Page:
I've written about Bob Garfield's The Chaos Scenario before, but I can't seem to get away from it. It almost seems that each individual sentence carries its own point. I want to share with you a short excerpt from the book's 2nd chapter The Post-Advertising Age:
"Mass advertising flourished in the world of mass media because they were — by a happy economic accident — mutually sustaining, not because they were part ofGod's Natural Order. You've read the Ten Commandments; not one of them is "Thou Shalt Finance Hour-Long Dramas," nor is there a word in there about "reach" or "scale." So why assume that these must transition to the new model?Not only is it economically nonsensical, it squanders the very nature of the digital universe, the ability to speak with — not to, but with — the narrowest communities and individuals themselves. Thus the third problem with the future of online advertising: in a connected world, ads are a kind of crude and clumsy means of creating relationships with consumers. After all, people may not much care for commercials, but they like goods and services just fine and are in constant search of information about them."
Garfield lays out crucial points about the current state of advertising and our relationship with it, not just online. I immediately consider my own relationship with advertisements and my reactions to each of its mediums.
As for online advertisements, forget it. Unless I subconsciously recognize the brand of an ad while I'm focusing on what I'm really looking at online, it doesn't even graze my attention. TV commercials are a step up, I of course enjoy some of the funnier ones. Though I still have a bad habit of serial channel changing like most of us do. I occasionally look at newspaper and print ads but with a targeted attitude. I only give them a chance if I know what I'm looking for, which is the convenience of newspaper ad layouts.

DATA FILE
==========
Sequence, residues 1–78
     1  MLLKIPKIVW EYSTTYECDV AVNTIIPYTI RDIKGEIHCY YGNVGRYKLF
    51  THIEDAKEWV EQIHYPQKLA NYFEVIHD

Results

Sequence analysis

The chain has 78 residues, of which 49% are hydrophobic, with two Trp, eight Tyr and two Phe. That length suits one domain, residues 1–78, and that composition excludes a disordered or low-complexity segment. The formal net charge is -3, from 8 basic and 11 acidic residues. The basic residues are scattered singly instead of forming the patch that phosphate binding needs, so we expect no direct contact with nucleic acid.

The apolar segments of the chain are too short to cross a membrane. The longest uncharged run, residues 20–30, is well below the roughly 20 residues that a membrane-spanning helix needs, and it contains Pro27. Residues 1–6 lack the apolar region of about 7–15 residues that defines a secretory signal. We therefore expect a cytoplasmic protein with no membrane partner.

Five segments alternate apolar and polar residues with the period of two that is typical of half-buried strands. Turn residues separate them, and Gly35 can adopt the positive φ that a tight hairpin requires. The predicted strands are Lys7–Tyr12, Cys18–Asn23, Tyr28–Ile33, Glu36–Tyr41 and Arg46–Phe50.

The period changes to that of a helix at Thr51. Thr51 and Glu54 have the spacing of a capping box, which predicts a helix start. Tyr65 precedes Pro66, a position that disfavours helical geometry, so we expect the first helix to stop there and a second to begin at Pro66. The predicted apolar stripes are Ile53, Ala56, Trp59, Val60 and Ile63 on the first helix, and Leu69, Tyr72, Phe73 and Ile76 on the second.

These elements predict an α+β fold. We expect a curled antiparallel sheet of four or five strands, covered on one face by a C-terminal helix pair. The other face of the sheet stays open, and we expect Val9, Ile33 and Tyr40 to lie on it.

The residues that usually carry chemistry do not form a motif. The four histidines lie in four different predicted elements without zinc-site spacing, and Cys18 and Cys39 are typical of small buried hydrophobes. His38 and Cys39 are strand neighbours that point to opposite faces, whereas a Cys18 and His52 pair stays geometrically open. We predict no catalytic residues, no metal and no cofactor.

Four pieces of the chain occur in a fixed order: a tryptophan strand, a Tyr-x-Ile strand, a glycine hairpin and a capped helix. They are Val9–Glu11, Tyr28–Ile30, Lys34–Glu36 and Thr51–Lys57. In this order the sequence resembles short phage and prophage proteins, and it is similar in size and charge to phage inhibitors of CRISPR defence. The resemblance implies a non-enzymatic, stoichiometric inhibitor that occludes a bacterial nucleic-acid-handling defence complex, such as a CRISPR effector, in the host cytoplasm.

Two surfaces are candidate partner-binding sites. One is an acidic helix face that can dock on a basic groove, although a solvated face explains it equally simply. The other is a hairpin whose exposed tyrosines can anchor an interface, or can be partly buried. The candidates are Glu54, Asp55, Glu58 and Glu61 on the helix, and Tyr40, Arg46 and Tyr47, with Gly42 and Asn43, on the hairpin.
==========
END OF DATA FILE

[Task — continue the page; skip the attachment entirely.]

To make your own opinion about the ‘post-advertising age,' first understand your personal experience with advertising—how and when you're exposed and your reactions. Also use the advertisers' role-reversal strategy of thinking like a consumer and think like the advertiser. Garfield says, "people may not much care for commercials, but they like goods and services just fine and are in constant search of information about them." So with this in mind, you as a consumer have to figure out how much commercials, or any ads for that matter, affect your hunt for product satisfaction. Do you trust advertisements for the brand they are promoting, or do they just trigger your curiosity to discover about all varieties of the product? If you were an advertiser, would you invest in online advertisements?
There was once a time when the commercial ruled—decades ago when there were only a few brands for each product and the commercial ensured quality. But now we are in the dawning of the "new model." Everything we have seen the Internet do has innovated the way we live, so it is fitting that this digital world demands to be different from other media. It challenges one of our oldest practices by telling advertising that it has to try much harder if it wants to earn a place online.
"Not only is it economically nonsensical, it squanders the very nature of the digital universe, the ability to speak with — not to, but with — the narrowest communities and individuals themselves."
If advertising wants to make the "happy economic accident" work in the digital universe it's going to have to play by the rules. It must follow the digital practice and "speak with" consumers and "individuals themselves," which is the heart and soul of online communication. We don't just stare at our computer screens; we read, process, think, engage, debate, argue, agree, organize, contribute and connect. If advertisers want a piece of this action they will be forced to morph their flat displays into valuable assets to the online community—a task I'm not sure is even possible.